Quiet bikes are good
One problem with riding in gravel pits (or in my neck of the woods - alpine forests... with gravel pits) is the noise upsets the neighbors (perhaps the ones who move in on a Monday and by Sunday have phoned the police, mayor, newspaper, bureau of land management, etc.).
Not pissing these people off is, for the thinking off-roader, an absolute dream. Some of us already go to such freakish lengths as leaving our stock mufflers on (and other travesties) to try and help. We such are outnumbered five to one by people who don't care if they can't ever come back, as long as it sounds (and feels) like they're riding a repeating cannon.
These people remind me to fondly look forward to the government, for the common good, restricting some riding areas to electrics.
On the road, someone wisely mentioned "... electric bike[s] might be too quiet for the average pavement crawler to notice them coming". It has been my experience here that half the pedstrians can't hear anything short of a furniture truck over their iPods and the other half don't care what they hear - they'll look at you and walk into the street anyway.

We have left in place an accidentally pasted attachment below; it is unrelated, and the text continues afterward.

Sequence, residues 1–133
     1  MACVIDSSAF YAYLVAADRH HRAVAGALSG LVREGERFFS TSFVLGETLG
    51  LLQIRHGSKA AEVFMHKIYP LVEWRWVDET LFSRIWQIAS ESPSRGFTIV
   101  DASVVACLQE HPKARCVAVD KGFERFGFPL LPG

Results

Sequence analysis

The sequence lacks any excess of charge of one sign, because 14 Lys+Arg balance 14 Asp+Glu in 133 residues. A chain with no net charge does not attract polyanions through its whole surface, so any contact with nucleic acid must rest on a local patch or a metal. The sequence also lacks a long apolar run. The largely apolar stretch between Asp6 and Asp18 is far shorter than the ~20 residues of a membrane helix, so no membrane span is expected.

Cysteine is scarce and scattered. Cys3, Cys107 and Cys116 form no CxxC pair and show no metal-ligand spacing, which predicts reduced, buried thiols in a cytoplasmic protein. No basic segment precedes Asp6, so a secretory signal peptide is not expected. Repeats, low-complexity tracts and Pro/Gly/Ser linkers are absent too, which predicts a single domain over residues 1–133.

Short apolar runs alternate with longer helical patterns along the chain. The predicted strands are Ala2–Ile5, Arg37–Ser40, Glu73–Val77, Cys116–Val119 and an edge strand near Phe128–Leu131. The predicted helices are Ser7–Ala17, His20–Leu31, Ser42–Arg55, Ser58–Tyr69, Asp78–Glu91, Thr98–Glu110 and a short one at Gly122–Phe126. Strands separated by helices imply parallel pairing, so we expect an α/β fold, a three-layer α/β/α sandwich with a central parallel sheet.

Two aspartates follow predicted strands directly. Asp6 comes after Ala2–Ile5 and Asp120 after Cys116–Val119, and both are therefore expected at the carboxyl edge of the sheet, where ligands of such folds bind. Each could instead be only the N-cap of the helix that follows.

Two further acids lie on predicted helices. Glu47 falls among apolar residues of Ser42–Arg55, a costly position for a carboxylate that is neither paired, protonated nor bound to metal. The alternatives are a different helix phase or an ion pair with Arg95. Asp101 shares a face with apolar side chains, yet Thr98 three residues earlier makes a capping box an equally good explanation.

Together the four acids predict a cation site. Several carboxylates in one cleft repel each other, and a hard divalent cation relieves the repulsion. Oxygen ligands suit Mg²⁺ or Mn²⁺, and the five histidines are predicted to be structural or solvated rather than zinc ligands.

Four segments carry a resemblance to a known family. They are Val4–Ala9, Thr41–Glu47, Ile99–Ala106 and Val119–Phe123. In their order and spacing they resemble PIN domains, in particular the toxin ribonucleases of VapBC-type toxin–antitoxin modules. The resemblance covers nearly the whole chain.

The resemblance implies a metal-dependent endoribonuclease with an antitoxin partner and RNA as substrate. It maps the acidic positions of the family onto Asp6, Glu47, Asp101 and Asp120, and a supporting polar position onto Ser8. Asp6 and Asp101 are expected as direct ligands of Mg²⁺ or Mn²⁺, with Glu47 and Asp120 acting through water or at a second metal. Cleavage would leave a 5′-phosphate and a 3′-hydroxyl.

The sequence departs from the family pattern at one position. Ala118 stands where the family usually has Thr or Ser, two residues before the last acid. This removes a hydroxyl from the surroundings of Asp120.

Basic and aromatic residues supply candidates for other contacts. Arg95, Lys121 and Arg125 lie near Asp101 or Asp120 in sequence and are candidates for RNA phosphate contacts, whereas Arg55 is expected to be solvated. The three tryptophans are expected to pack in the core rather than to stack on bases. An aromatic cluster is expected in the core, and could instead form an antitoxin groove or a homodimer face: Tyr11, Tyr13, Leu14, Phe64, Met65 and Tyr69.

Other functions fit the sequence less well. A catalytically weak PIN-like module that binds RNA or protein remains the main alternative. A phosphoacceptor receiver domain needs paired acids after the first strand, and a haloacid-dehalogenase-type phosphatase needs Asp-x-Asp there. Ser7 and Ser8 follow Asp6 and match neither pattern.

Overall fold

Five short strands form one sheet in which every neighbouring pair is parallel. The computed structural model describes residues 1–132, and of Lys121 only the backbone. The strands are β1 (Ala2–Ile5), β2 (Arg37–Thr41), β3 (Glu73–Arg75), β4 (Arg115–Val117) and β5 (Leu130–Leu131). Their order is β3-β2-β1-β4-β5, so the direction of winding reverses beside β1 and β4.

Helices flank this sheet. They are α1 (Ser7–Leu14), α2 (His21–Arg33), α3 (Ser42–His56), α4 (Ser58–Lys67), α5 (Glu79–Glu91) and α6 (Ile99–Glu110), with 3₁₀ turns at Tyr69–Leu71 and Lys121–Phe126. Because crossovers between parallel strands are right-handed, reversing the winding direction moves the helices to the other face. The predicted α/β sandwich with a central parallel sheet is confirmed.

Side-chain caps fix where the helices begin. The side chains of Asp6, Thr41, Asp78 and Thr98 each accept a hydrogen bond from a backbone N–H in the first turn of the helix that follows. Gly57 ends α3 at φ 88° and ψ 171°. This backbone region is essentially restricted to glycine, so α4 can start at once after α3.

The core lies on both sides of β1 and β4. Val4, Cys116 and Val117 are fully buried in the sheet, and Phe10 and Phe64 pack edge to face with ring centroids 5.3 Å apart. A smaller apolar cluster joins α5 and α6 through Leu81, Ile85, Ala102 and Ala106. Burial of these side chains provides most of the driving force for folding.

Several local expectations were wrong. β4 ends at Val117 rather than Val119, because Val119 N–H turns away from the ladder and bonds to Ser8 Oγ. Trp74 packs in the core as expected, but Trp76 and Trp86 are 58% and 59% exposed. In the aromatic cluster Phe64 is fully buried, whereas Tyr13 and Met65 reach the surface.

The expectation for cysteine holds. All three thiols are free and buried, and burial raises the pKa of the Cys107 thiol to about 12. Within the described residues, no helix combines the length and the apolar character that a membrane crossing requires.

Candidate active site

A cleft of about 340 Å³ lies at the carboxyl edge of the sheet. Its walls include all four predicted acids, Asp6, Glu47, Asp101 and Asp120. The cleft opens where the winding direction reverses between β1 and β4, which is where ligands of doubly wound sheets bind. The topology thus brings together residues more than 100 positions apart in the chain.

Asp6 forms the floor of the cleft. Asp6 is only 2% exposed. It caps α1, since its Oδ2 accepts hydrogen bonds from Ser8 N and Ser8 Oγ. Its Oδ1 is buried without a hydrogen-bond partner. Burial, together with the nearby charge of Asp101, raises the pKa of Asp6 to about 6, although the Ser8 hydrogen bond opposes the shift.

OK, some people use their ears instead of looking. Bicyclists and Priuses are already struggling with this, and when the wind is right or there's a sharp curve even regular engines can't always be heard coming.
I'm all for going electric and on the listening end being able to get more sleep / relaxation and on the riding end not having to change the oil, worry about melting my bag, fight to get it to start at midnight in Winter, etc.. And I'll continue to look both ways before crossing the street.